A significant proportion of 3GPP’s recent work has been focused on channel aggregation, to meet the growing demands of data transmission. Other priorities in the radio aspects area include topics related to higher data rates and increased capacity, either by the use of more frequency bands, or by further improvements in spectral efficiency. 3GPP will address energy saving, cost efficiency (including the use of Self-Optimising Networks (SON)), support for diverse application and traffic types, and backhaul enhancements. 

In the systems area, 3GPP is looking at promoting new business opportunities, in public safety and critical communications, proximity services and machine-type communications. In the area of WiFi integration, 3GPP will work on network selection aspects, S2a mobility with the GPRS Tunnelling Protocol (GTP) for WLANs, and optimised offloading to WLAN in 3GPP Radio Access Technology (RAT) mobility. In the area of system capacity and stability, issues of user-plane congestion  and core network overload will be addressed.

At the end of 2013, ETSI held a Future Mobile Summit, to look at the longer term future. The Summit provided many thought provoking presentations on the direction that 3GPP could take, beyond LTE-Advanced. 


For details of the contents of each Release, see the appropriate ’Release Description’ document (see link at bottom of this page).

Details of all 3GPP Work Items are in the 3GPP Work Plan, which provides details of the co-operation between all of the 3GPP groups on "Features", defined as ’new or substantially enhanced functionality which represents added value to the existing 3GPP system’.

3GPP Scope

The original scope of 3GPP (1998) was to produce Technical Specifications and Technical Reports for a 3G Mobile System based on evolved GSM core networks and the radio access technologies that they support (i.e., Universal Terrestrial Radio Access (UTRA) both Frequency Division Duplex (FDD) and Time Division Duplex (TDD) modes).

The scope was subsequently amended to include the maintenance and development of the Global System for Mobile communication (GSM) Technical Specifications and Technical Reports including evolved radio access technologies (e.g. General Packet Radio Service (GPRS) and Enhanced Data rates for GSM Evolution (EDGE)).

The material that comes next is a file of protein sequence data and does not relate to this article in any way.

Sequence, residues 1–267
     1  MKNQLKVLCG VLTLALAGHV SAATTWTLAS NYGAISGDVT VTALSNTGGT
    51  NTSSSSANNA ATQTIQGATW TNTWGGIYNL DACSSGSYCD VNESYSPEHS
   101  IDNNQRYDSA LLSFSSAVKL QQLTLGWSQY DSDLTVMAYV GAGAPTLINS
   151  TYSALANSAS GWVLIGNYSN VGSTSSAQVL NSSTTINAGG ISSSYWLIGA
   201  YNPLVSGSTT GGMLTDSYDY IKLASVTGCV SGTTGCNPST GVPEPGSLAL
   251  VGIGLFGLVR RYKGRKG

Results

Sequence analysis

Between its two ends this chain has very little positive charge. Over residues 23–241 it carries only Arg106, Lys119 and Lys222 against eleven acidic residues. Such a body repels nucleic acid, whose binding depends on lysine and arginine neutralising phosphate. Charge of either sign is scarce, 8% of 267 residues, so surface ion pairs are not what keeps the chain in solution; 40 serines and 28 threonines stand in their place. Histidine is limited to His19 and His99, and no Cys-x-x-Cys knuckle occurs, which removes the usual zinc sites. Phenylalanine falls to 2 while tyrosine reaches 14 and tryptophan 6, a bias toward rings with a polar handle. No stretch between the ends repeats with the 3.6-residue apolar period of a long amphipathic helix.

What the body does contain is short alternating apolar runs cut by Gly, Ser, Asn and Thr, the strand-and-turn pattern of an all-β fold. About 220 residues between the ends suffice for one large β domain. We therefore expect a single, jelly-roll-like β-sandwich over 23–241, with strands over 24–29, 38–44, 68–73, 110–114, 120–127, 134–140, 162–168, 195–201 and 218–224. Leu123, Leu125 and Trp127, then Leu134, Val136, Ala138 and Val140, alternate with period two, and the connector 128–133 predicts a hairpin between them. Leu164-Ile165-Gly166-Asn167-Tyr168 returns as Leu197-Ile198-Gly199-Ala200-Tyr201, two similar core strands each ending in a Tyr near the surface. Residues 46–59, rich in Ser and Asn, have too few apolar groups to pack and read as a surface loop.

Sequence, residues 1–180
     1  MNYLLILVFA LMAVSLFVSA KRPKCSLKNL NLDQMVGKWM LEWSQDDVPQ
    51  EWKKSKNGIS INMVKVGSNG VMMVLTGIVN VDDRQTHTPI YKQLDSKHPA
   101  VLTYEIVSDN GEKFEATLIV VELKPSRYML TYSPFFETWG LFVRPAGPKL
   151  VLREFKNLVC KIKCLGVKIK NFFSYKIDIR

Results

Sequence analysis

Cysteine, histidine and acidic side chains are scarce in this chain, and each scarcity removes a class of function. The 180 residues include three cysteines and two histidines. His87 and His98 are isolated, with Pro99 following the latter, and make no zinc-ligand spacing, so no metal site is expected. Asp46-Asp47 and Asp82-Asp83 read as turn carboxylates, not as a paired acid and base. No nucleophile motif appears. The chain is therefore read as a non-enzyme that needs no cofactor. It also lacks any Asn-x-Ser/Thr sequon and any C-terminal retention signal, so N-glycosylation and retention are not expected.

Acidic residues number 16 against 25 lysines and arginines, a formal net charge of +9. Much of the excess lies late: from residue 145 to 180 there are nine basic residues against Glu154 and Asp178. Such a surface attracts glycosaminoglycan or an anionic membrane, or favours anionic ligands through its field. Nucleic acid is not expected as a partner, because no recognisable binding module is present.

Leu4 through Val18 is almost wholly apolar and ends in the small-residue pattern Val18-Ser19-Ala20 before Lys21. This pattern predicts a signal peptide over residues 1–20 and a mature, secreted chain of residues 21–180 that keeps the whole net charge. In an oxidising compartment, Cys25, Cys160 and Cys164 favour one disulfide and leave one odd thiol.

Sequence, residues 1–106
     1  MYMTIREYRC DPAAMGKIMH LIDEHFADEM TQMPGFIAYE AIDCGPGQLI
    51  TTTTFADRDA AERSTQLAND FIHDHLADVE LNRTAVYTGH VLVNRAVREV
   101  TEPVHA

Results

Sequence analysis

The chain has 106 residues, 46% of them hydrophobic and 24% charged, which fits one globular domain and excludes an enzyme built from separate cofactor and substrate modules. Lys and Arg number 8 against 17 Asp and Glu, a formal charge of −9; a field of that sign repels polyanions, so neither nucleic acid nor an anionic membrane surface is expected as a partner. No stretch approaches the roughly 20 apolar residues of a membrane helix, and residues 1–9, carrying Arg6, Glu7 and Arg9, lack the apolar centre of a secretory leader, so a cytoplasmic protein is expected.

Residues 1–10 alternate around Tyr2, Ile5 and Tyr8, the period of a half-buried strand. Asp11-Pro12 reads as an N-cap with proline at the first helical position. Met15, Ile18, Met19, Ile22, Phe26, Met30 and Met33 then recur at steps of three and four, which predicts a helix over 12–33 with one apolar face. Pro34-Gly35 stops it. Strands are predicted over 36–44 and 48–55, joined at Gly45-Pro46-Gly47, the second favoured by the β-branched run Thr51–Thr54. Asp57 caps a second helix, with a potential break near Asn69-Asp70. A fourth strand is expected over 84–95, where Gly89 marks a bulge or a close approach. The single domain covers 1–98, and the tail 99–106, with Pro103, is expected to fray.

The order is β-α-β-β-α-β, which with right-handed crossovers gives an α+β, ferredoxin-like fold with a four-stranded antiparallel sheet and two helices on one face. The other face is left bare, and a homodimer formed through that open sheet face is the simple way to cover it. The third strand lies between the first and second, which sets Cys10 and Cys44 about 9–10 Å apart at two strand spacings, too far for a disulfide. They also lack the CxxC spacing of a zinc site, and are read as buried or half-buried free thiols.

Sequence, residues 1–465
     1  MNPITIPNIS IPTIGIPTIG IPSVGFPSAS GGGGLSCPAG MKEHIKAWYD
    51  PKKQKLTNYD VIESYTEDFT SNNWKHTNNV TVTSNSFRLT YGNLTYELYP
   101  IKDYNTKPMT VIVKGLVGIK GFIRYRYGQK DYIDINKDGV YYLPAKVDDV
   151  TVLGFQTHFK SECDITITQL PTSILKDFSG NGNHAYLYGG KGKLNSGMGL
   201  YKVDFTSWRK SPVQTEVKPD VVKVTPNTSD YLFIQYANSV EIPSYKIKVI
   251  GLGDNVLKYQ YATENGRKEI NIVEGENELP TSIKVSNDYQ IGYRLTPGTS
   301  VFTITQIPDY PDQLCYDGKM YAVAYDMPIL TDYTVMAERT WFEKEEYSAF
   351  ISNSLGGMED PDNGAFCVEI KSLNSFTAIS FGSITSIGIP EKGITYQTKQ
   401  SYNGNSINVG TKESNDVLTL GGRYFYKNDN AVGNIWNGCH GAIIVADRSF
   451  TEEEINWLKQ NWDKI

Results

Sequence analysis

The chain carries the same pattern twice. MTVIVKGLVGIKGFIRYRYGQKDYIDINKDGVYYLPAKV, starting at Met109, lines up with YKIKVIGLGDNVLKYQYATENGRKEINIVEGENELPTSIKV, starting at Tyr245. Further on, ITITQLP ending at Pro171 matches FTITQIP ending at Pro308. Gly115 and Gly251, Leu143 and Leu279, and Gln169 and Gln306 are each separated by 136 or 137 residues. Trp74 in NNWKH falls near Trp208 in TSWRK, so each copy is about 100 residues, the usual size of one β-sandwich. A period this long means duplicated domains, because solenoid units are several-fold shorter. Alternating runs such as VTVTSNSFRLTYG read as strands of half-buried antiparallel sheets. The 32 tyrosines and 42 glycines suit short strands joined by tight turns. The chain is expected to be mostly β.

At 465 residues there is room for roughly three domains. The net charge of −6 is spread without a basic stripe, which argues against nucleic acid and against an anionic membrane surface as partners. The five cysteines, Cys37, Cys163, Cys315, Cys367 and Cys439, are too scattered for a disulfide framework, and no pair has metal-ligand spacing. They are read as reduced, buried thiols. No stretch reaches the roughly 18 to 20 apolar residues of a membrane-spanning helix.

3GPP was created in December 1998 by the signing of the "The 3rd Generation Partnership Project Agreement". The latest 3GPP Scope and Objectives document has evolved from this original Agreement.

The discussions that led to the signing of the 3GPP Agreement were recorded in a series of slides called the "Partnership Project Description" that describes the basic principles and ideas on which the project is based. The Partnership Project Description has not been maintained since its first creation but the principles of operation of the project still remain valid.

 

FAQ

Table of contents Who can become an Individual Member of 3GPP and how much does it cost? Who may participate in 3GPP meetings? Who shall fill in the 3GPP Individual Member Application form? What shall I do if a 3GPP company or official contact details change? Different membership categories? Who may become an observer? Who may become a Guest Member and do guests have to (...)

Tools and Templates

If you require extra PC software tools in order to work electronically within 3GPP , please go first to the 3GPP ToolKit and download what you need for free. Tools Microsoft Internet Explorer (Internet browser) Look here Microsoft Office Converters and Viewers Look here Netscape Navigator (Internet Browser Look here Adobe Acrobat Reader (.PDF files reader) Look here WinZip (...)